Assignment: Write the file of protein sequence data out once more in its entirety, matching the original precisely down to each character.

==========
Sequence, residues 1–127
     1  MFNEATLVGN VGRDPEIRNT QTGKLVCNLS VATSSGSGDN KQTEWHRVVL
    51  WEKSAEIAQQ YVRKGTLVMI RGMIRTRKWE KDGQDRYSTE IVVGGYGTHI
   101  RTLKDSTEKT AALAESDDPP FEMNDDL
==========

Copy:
Sequence, residues 1–127
     1  MFNEATLVGN VGRDPEIRNT QTGKLVCNLS VATSSGSGDN KQTEWHRVVL
    51  WEKSAEIAQQ YVRKGTLVMI RGMIRTRKWE KDGQDRYSTE IVVGGYGTHI
   101  RTLKDSTEKT AALAESDDPP FEMNDDL